dge banding is the usual way of con­cealing the visible edges of plywood panels and shelves; it creates the illusion that the carcase is made exclusively of solid wood. You can choose one of two options: Commercial edge banding, shown on page 40, is available in a wide variety of wood types, colors and thick­
nesses. Installing it is simply a matter of cutting off the lengths you need from a roll, setting the banding in place and heating it with a household iron to melt the adhesive that bonds it to the surface of the wood.

Although somewhat more painstak­ing to apply, shop-made edge banding

offers several advantages over the store – bought solution. You can make it from any available wood species and cut it to whatever thickness you choose; Ve-inch-thick banding is typical. The shop-made variety is also less expen­sive—a consideration if you plan to use a lot of banding.


EDGE BANDING1 Applying the banding

Подпись: 2 Trimming excess banding Once the glue has dried, trim any edge banding that projects beyond the panel edges. Fit a router with a flush-cutting bit, then rest the machine’s base plate on the panel edge with the bit just clear of the excess banding. Holding the router firmly with both hands, turn on the motor and guide the bit into the excess banding. Once the bit’s pilot butts against the panel, guide the router slowly against the direction of bit rotation to the opposite end of the workpiece. Make sure that the base plate and the pilot remain flush with the panel. Lightly sand the edges and ends of the banding to remove any remaining unevenness.

Use the table saw to cut thin strips of edge banding from a board; be sure to use a push stick to feed the stock into the blade. Make the strips slightly longer than the panel and at least as wide as the pan­el is thick. Grip the panel at each end in a handscrew, then clamp the handscrews to a work surface so that the front edge of the workpiece faces up. Then apply a thin glue bead to the edge of the panel and use a small, stiff-bristled brush to spread the adhesive evenly. Center the banding along the panel’s edge; to hold it flat while the glue dries, tape it very firmly at 2-inch intervals. Use as many strips of tape as necessary to eliminate any gaps between the banding and the edge of the panel.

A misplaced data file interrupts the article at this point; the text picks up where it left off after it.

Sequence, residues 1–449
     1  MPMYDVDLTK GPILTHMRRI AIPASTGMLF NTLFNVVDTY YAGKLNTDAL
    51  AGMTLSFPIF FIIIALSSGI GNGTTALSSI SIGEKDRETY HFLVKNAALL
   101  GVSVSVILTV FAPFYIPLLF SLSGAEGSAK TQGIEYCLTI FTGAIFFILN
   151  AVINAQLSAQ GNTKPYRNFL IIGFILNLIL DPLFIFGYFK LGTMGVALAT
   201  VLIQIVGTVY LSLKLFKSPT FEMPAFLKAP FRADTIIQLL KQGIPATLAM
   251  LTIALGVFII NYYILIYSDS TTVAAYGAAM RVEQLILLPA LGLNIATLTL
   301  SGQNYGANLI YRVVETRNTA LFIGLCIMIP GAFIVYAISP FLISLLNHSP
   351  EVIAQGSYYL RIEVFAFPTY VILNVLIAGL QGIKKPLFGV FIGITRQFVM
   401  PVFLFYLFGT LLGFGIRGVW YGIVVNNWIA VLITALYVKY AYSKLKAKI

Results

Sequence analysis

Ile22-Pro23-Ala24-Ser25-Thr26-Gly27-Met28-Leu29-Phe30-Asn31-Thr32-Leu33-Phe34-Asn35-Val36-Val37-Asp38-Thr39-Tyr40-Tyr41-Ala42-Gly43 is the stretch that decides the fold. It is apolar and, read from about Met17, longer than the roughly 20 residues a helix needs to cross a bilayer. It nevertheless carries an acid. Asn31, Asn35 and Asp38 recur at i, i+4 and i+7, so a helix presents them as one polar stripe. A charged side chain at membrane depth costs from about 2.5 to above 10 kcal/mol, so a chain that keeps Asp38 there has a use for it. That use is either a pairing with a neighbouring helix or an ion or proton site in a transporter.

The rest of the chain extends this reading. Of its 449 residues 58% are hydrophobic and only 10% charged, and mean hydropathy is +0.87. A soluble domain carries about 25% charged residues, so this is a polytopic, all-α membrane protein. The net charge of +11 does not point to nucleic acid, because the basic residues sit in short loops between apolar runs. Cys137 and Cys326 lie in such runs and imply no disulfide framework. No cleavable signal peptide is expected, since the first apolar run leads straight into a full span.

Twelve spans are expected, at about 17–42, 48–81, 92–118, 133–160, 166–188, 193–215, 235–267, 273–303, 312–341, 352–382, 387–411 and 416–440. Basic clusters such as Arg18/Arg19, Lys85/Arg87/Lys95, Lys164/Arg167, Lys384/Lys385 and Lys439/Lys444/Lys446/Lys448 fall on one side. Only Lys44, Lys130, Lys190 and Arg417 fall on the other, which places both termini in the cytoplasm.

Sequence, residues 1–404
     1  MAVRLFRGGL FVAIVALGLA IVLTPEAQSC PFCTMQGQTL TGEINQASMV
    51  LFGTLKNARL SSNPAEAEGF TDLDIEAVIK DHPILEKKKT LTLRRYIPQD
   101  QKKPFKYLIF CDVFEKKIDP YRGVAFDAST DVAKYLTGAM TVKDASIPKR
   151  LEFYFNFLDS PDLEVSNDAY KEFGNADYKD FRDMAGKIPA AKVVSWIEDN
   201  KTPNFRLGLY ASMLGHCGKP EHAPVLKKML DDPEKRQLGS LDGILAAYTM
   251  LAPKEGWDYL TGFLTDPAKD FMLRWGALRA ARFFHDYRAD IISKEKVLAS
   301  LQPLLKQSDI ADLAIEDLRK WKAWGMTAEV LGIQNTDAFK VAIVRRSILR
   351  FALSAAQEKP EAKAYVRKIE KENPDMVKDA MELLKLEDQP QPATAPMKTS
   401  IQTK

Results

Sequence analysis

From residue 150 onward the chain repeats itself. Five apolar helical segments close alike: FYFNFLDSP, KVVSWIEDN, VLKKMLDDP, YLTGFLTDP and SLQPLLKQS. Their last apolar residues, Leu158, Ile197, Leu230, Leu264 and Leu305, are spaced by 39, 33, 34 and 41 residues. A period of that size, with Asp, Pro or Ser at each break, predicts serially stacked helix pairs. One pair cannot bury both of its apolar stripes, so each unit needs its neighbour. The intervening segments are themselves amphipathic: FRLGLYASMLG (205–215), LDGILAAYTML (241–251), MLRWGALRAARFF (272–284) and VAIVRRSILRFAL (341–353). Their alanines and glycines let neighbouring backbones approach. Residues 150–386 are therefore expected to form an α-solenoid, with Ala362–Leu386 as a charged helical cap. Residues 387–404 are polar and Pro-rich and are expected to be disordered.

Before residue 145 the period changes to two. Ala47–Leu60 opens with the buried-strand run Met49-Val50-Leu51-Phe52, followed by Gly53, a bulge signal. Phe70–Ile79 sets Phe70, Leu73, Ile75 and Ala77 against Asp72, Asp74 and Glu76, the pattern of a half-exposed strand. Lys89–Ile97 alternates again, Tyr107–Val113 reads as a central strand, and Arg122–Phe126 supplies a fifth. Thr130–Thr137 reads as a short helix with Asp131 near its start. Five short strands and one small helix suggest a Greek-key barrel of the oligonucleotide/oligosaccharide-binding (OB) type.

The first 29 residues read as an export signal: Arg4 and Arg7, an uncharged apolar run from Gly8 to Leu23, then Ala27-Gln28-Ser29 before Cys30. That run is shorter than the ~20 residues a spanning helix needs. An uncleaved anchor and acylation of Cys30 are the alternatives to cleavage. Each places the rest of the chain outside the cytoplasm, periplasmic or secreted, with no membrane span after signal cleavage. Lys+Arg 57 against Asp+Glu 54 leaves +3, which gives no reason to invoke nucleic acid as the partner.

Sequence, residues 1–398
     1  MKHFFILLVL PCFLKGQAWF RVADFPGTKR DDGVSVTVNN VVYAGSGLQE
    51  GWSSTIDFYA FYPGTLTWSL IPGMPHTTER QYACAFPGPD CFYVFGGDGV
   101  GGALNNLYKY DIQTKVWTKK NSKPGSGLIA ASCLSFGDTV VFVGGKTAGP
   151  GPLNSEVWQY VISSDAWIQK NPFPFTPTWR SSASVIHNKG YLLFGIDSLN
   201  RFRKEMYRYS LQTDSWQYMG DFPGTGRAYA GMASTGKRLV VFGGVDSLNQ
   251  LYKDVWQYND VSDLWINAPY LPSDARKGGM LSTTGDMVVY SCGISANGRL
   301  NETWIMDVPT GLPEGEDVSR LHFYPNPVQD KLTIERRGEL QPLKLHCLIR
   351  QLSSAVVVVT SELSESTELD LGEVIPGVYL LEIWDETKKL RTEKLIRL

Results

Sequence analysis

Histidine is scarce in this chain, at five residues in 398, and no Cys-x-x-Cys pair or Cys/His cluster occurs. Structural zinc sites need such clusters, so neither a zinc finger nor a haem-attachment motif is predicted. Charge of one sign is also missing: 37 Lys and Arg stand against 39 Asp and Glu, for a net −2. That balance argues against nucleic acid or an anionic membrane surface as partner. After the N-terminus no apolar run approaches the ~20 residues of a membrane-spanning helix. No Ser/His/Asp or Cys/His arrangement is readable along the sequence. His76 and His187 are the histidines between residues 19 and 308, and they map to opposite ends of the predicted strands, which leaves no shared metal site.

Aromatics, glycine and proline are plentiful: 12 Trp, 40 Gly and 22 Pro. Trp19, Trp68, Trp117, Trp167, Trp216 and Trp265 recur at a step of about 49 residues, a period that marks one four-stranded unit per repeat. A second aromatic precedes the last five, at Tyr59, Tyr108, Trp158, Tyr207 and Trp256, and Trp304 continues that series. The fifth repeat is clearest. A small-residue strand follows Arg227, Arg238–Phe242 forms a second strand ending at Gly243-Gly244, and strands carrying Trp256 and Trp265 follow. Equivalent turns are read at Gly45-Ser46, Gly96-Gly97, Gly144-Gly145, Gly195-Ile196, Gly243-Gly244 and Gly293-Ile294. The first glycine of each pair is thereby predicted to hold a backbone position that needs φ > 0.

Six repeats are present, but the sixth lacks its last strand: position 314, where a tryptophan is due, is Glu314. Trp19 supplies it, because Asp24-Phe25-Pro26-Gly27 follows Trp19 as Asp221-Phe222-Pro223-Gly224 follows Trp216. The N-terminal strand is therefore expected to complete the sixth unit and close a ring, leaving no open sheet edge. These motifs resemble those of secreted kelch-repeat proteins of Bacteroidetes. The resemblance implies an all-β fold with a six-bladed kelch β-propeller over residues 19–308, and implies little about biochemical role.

1 Applying the edge banding

Set a household iron on High (without steam) and allow it to heat up. Meanwhile, apply clamps to hold the panel upright, and cut a strip of banding slightly longer than the edge to be covered. Set the band­ing adhesive-side down along the panel edge. Holding the banding in place with one hand, run the iron slowly along the panel edge, pressing the trim flat. The heat of the iron will melt the glue and join the banding to the panel. Keep the iron mov­ing; resting it on one spot for more than a few seconds will leave scorch marks.



Springboard for clamping edge banding

For thick edge banding, it may be necessary to clamp the band­ing to a panel edge while the glue dries. For a typical panel, you might need three or four bar clamps; a single clamp will suffice, however, if you use a shop-made springboard. To make the device, cut a gentle curve—’A-inch-deep at its center—fror one edge of a 2-inch-wide board the same length and thickness as the panel. Center the panel on a bar clamp and set the con­cave edge of the springboard against the edge banding. Use a wood pad to protect the panel. Tighten the clamp until the springboard flattens against the banding.


2 Flattening out the trim

Applying even pressure, run a small hand roller back and forth along the length of the edge banding to smooth it out and bond it firmly to the panel edge. Shave off any excess banding with a laminate edge trim­mer or a router (page 39).



Updated: March 6, 2016 — 2:10 pm